loved one to be moved there. We tell them:

     the name of your loved one

     your name

     your contact information

     whether or not your loved one had COVID-19. We must share this

    information with the funeral home so they can follow the necessary

    safety measures.

    Note: The funeral home gives you copies of the ‘Funeral Director’s Statement of Death’.

    The hospital does not provide you with a certificate of death.

    Can I see my loved one before they are moved from the hospital?

    If your loved one had COVID-19 or was suspected to have COVID-19: No, you are

    not able to see your loved one’s body at the hospital. Your loved one’s body will be

    moved to the funeral home as soon as possible. As difficult as it is, the limits keep

    everyone as safe as possible.

    If your loved one did not have COVID-19: You may be able to see your loved one’s

    body at the hospital. Speak with the health care team to make arrangements and learn

    about the visiting policy.

    How do I get my loved one’s belongings from the hospital?

    Usually the belongings your loved one had at the hospital are sent to the funeral home.

    Call the funeral home to make arrangements to pick them up.

     If the belongings are still at the hospital: A member of your loved one’s health

    care team calls the next of kin and makes arrangements for them to be picked up.

  • Created and approved by Family Information & Support Centre and Patient Education & Engagement

    Last updated: November 19, 2020 6

    Read Handling Your Loved One’s Belongings

    (https://www.uhn.ca/PatientsFamilies/Health_Information/Health_Topics/Documents/Ha

    ndling_Your_Loved_Ones_Belongings.pdf) for instructions on how to clean and disinfect

    your loved one’s belongings when you bring them home.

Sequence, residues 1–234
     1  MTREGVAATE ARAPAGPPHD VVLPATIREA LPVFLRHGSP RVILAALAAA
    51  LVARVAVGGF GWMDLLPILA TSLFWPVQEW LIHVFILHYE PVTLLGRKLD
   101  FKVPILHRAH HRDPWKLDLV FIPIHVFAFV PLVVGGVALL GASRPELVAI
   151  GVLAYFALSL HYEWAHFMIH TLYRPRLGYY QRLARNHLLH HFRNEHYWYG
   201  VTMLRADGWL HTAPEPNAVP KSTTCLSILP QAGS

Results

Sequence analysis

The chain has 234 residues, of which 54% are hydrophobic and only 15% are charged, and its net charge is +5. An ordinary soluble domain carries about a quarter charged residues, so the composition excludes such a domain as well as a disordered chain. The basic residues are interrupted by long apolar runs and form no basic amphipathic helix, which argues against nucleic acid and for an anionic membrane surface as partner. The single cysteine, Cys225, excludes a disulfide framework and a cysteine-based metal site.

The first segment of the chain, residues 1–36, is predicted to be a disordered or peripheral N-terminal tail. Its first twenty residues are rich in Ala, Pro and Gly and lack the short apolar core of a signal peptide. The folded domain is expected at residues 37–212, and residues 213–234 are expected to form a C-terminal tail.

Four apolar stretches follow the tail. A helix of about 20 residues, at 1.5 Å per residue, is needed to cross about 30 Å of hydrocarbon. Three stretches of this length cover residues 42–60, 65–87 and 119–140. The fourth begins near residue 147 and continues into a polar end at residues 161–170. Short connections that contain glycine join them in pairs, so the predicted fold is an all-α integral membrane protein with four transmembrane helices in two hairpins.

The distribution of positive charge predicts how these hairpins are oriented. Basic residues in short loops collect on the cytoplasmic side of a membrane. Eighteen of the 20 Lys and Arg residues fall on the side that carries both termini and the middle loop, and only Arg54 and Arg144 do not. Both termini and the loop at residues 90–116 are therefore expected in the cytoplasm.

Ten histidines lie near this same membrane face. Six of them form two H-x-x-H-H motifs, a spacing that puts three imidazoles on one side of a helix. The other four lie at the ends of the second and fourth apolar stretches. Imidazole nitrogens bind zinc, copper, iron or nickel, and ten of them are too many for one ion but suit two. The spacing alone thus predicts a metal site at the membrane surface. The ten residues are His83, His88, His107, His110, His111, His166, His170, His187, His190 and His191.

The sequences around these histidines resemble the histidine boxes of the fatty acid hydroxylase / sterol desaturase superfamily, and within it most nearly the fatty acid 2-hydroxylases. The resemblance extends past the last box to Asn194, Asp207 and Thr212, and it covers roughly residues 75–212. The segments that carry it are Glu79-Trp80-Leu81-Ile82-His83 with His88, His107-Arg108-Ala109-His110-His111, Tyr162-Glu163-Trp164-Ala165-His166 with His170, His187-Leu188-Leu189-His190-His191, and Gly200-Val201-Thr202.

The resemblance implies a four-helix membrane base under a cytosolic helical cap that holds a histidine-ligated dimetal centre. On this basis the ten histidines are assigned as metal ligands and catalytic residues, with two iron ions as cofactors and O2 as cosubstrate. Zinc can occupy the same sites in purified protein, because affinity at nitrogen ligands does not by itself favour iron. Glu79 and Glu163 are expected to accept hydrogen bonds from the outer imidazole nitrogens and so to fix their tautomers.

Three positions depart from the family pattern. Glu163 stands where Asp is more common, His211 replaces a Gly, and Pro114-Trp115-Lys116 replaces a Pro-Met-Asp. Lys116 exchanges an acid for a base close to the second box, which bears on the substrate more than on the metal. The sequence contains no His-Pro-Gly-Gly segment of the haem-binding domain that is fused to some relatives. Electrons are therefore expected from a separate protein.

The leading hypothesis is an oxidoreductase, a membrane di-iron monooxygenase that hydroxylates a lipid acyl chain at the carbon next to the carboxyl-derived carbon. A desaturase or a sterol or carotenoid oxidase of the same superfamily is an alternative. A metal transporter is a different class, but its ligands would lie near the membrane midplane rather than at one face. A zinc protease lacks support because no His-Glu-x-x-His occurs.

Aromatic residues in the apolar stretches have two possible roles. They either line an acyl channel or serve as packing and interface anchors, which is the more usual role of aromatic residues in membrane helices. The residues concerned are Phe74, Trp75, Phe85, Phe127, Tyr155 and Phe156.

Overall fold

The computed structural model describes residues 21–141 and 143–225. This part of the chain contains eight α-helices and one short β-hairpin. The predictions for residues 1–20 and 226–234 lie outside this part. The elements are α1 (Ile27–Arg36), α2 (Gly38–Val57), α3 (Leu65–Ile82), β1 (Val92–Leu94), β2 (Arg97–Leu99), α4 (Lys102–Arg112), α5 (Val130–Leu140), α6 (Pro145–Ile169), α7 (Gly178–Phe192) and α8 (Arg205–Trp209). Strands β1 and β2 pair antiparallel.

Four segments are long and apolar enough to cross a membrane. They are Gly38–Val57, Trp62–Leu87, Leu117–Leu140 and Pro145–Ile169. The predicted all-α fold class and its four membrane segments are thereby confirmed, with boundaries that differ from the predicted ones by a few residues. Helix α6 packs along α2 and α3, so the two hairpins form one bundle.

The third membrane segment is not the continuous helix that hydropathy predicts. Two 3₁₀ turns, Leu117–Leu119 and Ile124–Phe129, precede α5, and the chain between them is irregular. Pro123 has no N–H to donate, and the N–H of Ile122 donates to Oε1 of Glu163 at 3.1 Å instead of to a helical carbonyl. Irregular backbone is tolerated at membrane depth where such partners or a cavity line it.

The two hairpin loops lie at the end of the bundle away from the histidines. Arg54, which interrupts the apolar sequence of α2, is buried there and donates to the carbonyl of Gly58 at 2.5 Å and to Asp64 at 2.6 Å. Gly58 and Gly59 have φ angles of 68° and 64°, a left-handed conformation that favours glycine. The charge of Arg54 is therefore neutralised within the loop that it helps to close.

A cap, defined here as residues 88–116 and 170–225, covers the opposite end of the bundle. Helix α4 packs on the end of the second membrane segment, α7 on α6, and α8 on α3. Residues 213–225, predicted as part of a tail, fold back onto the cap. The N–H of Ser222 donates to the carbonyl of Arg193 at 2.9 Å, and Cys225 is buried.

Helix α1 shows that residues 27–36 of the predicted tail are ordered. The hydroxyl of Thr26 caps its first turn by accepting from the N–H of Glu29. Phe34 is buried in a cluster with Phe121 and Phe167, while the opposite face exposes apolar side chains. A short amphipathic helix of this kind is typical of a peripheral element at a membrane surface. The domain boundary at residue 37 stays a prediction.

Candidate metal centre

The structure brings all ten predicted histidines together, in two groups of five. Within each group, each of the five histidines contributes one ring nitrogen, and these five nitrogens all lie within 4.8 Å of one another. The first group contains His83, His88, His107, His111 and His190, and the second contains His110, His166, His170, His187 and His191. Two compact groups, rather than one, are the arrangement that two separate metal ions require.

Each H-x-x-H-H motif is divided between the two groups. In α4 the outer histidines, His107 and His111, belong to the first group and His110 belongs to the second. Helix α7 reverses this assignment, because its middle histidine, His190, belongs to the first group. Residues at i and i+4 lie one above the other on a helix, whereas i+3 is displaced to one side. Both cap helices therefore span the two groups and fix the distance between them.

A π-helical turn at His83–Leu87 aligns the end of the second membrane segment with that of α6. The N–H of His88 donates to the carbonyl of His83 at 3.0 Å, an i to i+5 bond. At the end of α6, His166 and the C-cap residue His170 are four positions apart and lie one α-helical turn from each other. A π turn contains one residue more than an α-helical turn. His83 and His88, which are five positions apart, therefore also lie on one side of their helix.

Can I donate my loved one’s tissues, organs or body?

    Your loved one may have wanted to:

     donate their tissues or organs to save or improve lives. Speak to your loved one’s

    health care team for more information.

     The Trillium Gift of Life program cannot accept tissue and organ

    donations from people who have died of COVID-19. This may be

    disappointing for some families.

     Tissue and organ donation may be possible for people who did not

    have COVID-19.

     donate their body for medical research. The Willed Body Donation Program is

    closed during the pandemic and is not accepting bodies.

    https://www.uhn.ca/PatientsFamilies/Health_Information/Health_Topics/Documents/Handling_Your_Loved_Ones_Belongings.pdf

  • Created and approved by Family Information & Support Centre and Patient Education & Engagement

    Last updated: November 19, 2020 7

    Selecting a funeral home

    How do I decide on a funeral home?

    Call a few funeral homes and ask about what is important to you and your family.

     You may find it helpful to have 1 or 2 close family members or friends help you.

     Use the worksheet at the end of this guide to collect information from different

    funeral homes.

    You may be familiar with a funeral home you have visited in the past. Some funeral

    homes specialize in the traditions of specific religions or cultures. Most funeral homes

    are willing to support a range of traditions.

    For information and a list of funeral homes in Ontario, visit the Ontario Funeral Service

    Association (http://www.ofsa.org/) website.

    What do I ask when calling a funeral home?

    There are limits on funeral services because of the pandemic. Funeral homes will work

    with you to plan a meaningful service that follows these limits. Expect that some

    religious or cultural traditions may not be possible right now.

    You may want to ask:

     if you can follow your religious or cultural traditions and if the usual order

    and timing can be followed. You may need to be flexible because of COVID-19

    limits. Speak with a faith or community leader about any concerns you may have.

     if you can see and touch the body at the funeral home. For your safety, you

    may not be allowed to touch the body. Ask the funeral home.

     if there is a limit on how many people can attend a funeral service. Public

    Health Ontario is limiting how many people can attend a funeral. Ask the funeral

    home for the most up-to-date information.

     if the funeral service can be shared online for more family and friends to attend

    virtually.

    http://www.ofsa.org/ http://www.ofsa.org/

  • Created and approved by Family Information & Support Centre and Patient E